assert_invariant( const char *a, const char *b, size_t n, size_t k,
size_t i, size_t j )
{
size_t t = 0;

assert( j == (i+k)%n );
for ( t=0; t < i; t++ )
assert( a[t] == b[(t+k)%n] );

}

/* return true iff forall 0<=i<n (a[i] == b[(i+k)%n]) */
int
is_rot_at_offset( const char *a, const char *b, size_t n, size_t k )
{
size_t i =0, j = 0;

assert( 0 <= k && k < n ); /*precondition*/
j = i+k;

assert_invariant( a, b, n, k, i, j );

while ( i<n && a[i] == b[j] )
{
j++;
if ( j >= n )
j = 0;
i++;
assert_invariant( a, b, n, k, i, j );
}
assert_invariant( a, b, n, k, i, j );
assert( 0 <= i && i <= n );
assert( i==n || a[i] != b[j] );
return i == n;
}

/* return true iff n == 0 || exist 0<=k<n (forall 0<=i<n (a[i] ==
b[(i+k)%n]) )*/
int
is_rot( const char *a, const char *b )
{
size_t k =0;
size_t n =0;

if ( a == NULL )
return b == NULL;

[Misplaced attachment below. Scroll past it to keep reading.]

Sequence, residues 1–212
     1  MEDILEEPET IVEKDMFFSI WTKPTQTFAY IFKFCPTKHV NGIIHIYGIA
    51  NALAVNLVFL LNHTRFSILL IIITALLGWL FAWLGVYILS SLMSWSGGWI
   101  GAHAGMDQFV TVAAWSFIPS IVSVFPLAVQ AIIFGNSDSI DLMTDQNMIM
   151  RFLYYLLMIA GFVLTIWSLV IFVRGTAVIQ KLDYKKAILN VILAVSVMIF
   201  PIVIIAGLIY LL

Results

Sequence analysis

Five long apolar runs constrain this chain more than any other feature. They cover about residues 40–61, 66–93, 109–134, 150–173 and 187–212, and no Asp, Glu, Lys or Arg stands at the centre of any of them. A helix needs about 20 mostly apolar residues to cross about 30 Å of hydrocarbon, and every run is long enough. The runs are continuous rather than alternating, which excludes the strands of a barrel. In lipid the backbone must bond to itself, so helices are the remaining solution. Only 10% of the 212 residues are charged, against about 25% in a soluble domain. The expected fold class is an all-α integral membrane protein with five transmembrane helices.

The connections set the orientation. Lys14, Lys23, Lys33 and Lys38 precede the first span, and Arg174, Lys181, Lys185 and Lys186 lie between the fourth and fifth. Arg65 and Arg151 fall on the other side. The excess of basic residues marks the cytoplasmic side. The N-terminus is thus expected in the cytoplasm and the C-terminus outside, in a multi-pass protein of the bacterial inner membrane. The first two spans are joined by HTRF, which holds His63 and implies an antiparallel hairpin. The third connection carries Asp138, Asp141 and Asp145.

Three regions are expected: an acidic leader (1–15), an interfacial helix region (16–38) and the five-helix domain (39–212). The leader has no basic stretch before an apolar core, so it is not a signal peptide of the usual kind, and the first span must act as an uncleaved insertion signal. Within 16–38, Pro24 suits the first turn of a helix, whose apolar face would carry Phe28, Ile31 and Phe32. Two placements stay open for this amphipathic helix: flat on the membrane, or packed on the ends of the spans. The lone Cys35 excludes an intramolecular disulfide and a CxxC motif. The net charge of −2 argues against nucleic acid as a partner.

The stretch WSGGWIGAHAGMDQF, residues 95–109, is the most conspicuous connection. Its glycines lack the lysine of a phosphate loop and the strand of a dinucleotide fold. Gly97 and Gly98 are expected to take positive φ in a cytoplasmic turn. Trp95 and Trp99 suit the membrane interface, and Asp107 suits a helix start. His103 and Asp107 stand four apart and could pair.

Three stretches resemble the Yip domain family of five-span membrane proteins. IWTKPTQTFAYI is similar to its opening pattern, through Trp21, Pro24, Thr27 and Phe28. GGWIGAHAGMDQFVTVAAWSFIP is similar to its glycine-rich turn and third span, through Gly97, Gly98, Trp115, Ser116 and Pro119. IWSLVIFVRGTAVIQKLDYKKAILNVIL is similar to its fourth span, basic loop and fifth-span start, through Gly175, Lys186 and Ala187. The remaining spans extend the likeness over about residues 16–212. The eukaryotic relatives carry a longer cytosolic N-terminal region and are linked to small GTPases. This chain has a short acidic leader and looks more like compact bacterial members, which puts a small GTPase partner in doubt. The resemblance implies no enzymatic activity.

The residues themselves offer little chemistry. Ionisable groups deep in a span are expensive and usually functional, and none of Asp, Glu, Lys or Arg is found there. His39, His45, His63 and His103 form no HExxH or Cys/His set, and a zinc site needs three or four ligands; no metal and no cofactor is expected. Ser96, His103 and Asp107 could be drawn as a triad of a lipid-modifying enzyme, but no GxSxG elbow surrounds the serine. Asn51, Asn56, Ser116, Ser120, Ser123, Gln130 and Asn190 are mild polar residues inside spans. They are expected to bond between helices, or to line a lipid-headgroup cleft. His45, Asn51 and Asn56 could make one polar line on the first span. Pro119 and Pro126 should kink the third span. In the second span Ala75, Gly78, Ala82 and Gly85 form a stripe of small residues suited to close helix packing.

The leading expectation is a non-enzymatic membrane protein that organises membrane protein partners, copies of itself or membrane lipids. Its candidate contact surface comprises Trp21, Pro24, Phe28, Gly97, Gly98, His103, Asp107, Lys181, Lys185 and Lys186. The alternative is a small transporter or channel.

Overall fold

assert( a != NULL );
if ( b == NULL )
return 0;
assert( a != NULL );
assert( b != NULL );

n = strlen(a);
if ( n != strlen(b) )
return 0;
assert( n == strlen(a) && n == strlen(b) );

while ( k < n && ! is_rot_at_offset( a, b, n, k ) )
k++;
return n == 0 || k != n;
}

void
test_is_rot()
{
assert( is_rot(NULL,NULL) );
assert( !is_rot(NULL,"") );
assert( !is_rot("",NULL) );
assert( is_rot("","") );
assert( !is_rot("","a") );
assert( !is_rot("a","") );
assert( is_rot("a","a") );
assert( is_rot("ab","ab") );
assert( is_rot("ba","ab") );
assert( is_rot("ab","ba") );
assert( !is_rot("abc","ba") );
assert( !is_rot("ba","abc") );
assert( is_rot("abc","cab") );
assert( is_rot("abc","bca") );
assert( !is_rot("ba","abc") );
assert( is_rot("abcd","cdab") );
assert( is_rot("cdab","abcd") );
}
int
main()
{
test_is_rot();

return 0;
}

Jan 2 '07 #5

P: n/a
Given a string s1 and a string s2, write a snippet to say whether s2
is a
rotation of s1 using only one call to strstr routine?
>
(eg given s1 = ABCD and s2 = CDAB, return true,
given s1 = ABCD, and s2 = ACBD , return false)
This is not really complicated. A possible algorithm consists to:

1) Find n, such that s2[n] == s1[0]
2) Build a temporary string y which is s2 rotated of n positions.
3) Compare s1 and y.
This may not work if
s1 = ABCADE and s2 = CADEAB
s2[n] = A, where n = 1. temporary string y = ADEABC.
s1 compares not equal to y.
I mean to say your algorithm will fail, if there is more than one s1[0]